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CREST HAVEN - An Upper Township mother, accompanied by her two young daughters, asked the Board of County Commissioners to pass a resolution "regarding a dismissal of the (governor's) mask mandates being enforced in our schools."

Lori Fox addressed the board Oct. 12. While her children are home-schooled, she noted other families "might not be as fortunate and have no other choice but to send their children to school in masks."

Fox believes Gov. Phil Murphy's mandate that affects all grade-school students is "an infringement of our First Amendment rights." 

In addition, Fox noted mask-wearing "suppresses our children from developing the essential social skills needed to assist in keeping them safe." 

"These are impressionable years for our little ones, and without this ability (to use senses to make decisions), one can only imagine how this will affect our society years from now. My intuition tells me we are in trouble if we don't turn this around now," Fox continued.

"No one has the right to tell us what we must put on or in our bodies, period," Fox added.

In response, Board Director Gerald Thornton said, "I think everyone has the right to choose how they want to address this issue. I believe that people should be vaccinated. I think it works, but I think they should have the option of how they want to do it."

Thornton stressed that he spoke only for himself and not the board, "but again, I think it's freedom of choice." 

"We live in a democracy. We have a Constitution. I'm not sure that all this is constitutionally right. I think that there are a lot of things that have to be addressed. I've said since almost the beginning, some of these restrictions violate our Constitution," Thornton said. 

Commissioner Will Morey asked County Counsel Jeffrey Lindsay for an opinion on the matter. 

Lindsay replied that the board was "fairly constrained" since it has no direct control over schools, even the county Technical School and Special Services Schools. A joint Board of Education oversees those schools, he noted.

"It is my desire to be of help in any way I can as a peaceful voice for change," Fox stated.

October is 4-H Month

The county 4-H program coordinator, Linda Horner, made a presentation regarding the board's designation of October as National 4-H Month in the county.

Rutgers University, which oversees the state’s 4-H activity, made all club activities virtual, by computer only, in March 2020. 

"We worked very hard over the next year or so to try to make (clubs) as engaging as possible," Horner said. "We did have quite a lot of success, considering what youths were going through and having to do school virtually..." she continued.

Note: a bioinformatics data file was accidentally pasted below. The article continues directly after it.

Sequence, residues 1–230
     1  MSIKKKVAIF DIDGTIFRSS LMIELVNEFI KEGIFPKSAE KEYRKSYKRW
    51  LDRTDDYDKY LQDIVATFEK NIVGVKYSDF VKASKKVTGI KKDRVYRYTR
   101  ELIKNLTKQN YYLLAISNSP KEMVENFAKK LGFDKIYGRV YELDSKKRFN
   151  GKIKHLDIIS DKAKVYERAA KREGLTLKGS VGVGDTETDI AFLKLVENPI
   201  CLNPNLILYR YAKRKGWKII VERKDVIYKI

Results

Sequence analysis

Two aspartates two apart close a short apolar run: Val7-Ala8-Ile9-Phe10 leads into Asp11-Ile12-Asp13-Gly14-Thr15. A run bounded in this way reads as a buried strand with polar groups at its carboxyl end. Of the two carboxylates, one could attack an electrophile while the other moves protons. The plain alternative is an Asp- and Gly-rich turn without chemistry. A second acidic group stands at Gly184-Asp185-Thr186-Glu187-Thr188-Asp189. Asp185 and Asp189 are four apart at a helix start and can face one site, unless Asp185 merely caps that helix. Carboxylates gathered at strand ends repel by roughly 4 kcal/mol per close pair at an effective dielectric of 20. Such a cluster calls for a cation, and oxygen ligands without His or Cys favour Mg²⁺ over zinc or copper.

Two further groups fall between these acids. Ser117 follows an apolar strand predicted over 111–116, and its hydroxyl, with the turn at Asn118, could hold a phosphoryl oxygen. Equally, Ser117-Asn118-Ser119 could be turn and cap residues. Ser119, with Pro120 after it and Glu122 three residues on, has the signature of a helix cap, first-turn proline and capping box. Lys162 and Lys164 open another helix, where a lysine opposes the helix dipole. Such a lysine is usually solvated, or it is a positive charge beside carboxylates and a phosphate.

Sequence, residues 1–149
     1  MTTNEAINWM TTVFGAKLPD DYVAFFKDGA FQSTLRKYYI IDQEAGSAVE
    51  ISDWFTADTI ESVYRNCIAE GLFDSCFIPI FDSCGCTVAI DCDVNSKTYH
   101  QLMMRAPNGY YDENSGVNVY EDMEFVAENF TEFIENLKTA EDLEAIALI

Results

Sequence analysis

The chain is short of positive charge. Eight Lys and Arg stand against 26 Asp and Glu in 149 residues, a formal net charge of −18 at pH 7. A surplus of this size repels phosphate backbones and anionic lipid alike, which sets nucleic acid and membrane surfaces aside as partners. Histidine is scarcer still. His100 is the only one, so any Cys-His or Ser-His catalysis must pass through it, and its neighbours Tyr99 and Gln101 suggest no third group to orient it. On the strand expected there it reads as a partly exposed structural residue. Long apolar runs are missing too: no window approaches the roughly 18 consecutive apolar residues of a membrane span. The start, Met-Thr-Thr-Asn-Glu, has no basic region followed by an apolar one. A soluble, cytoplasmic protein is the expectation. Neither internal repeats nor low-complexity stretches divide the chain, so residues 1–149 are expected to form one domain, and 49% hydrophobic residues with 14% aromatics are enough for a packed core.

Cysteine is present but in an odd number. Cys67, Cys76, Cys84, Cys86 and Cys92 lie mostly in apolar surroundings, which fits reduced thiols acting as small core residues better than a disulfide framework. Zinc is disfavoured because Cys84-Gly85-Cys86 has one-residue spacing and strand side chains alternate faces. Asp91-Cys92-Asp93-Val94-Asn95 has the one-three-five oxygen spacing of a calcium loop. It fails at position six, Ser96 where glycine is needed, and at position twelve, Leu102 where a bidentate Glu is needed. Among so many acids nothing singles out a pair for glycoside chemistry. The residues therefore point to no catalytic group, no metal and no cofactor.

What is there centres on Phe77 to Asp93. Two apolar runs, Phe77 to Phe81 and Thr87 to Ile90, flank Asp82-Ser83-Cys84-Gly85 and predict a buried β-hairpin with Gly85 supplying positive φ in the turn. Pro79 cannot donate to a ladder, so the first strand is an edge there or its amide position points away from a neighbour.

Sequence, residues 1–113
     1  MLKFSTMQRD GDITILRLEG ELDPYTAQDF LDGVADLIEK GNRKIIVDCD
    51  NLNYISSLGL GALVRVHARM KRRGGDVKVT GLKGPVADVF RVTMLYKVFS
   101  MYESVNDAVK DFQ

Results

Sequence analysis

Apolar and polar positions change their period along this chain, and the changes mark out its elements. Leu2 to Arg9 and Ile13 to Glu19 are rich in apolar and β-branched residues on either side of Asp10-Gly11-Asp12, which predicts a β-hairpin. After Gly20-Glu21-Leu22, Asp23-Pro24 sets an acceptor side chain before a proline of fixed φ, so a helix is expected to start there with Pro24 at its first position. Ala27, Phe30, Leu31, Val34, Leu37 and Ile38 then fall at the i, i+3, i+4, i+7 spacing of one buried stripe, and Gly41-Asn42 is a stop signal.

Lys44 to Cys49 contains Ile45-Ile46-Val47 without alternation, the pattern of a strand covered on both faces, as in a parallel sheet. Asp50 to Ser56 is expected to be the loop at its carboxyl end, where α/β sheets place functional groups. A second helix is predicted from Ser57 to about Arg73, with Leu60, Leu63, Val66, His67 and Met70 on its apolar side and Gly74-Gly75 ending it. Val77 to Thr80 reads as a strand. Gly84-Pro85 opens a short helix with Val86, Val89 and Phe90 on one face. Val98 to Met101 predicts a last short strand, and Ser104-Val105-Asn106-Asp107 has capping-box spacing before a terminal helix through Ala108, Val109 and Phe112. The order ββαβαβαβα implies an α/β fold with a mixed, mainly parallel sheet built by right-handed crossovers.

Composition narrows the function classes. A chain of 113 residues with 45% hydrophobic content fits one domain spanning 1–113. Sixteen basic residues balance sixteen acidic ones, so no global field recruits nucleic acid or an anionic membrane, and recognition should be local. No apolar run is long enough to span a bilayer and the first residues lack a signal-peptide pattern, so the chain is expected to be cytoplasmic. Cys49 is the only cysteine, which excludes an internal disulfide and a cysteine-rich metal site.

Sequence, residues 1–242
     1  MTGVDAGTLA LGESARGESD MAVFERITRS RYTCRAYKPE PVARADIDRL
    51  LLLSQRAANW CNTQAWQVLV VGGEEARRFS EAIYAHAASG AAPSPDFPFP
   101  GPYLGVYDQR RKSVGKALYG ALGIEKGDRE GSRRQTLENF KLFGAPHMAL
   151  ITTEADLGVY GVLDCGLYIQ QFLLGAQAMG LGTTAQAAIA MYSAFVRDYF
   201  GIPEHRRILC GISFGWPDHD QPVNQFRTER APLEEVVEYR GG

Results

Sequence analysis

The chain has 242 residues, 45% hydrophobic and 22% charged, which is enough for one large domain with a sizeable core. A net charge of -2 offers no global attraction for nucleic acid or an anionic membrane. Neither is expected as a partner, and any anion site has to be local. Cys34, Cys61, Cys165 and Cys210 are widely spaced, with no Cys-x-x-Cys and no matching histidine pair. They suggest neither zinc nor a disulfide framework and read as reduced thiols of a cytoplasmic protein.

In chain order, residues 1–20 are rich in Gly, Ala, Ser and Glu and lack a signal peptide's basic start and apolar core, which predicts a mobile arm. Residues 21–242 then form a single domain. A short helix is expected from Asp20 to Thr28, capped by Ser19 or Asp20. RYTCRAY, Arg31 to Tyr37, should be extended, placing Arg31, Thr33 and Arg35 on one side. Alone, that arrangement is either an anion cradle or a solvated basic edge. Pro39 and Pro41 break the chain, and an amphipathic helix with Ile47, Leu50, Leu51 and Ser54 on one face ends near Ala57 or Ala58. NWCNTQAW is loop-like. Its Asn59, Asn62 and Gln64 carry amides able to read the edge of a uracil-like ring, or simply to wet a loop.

Starting May 1, Rutgers allowed clubs to meet outdoors, with all members wearing masks and maintaining a 6-foot distance apart. As ofJune 7, members could remove masks for outdoor activities and hold indoor meetings if all members wore masks.

One of the first events, sponsored by New Jersey Fish and Wildlife, was a youth fishing challenge. It was part of the "Hooked on Fishing Not on Drugs" program, designed to show healthy lifestyles not using drugs.

The event was at Cox Hall Creek, in Lower Township. About 10 non-members participated, "and we've got several new members to the (Tightlines 4-H) club from that," said Horner.

A new 4-H science club is forming at Woodbine Elementary School, Horner added. The club will use the Eco-Park immediately behind the school, an Open Space project funded by the board.

Change Order Saved $100,000

A $498,394 change order to South State Inc., later approved by commissioners, saved the county "well in excess of $100,000," County Engineer Robert Church told the board. 

Church said the work was on the Avalon Boulevard (CR601) Bridge, over Ingrams Thorofare. The extra work included painting the main span, minor repairs to adjacent bridges, and additional paving on approaches to the bridge. 

"We took advantage of the contractor's mobilization and traffic control," Church said. Funds came from a 2018 bond ordinance.

Other Actions

Due to its membership in the Association of Zoos and Aquariums (AZA),the County Park and Zoo will need a master plan, according to Commissioner E. Marie Hayes. The board approved the use of competitive contracting to seek proposals for a zoo master plan.

Hayes said the immediate need is for a plan for the main park, in Swainton. However, she asked that the County Planning Department be involved in using other parks in the system. Those include facilities in Marmora and Del Haven. Hayes said she and Parks Director Ed Runyon plan to visit Ocean County parks. They are similar to the local ones, she noted. Thepair hopes to gain insight for improvements.

Demolition ofthe Sheriff's Annex Building will be done by the Ambient Group LLC, of Williamstown, for $27,000, according to a resolution approved by the board. Ambient was the lowest of four bidders for the job.

The board reappointed Jacqueline J. Simonson as a member of the Women's Advisory Commission for a term of three years ending May 21, 2024.

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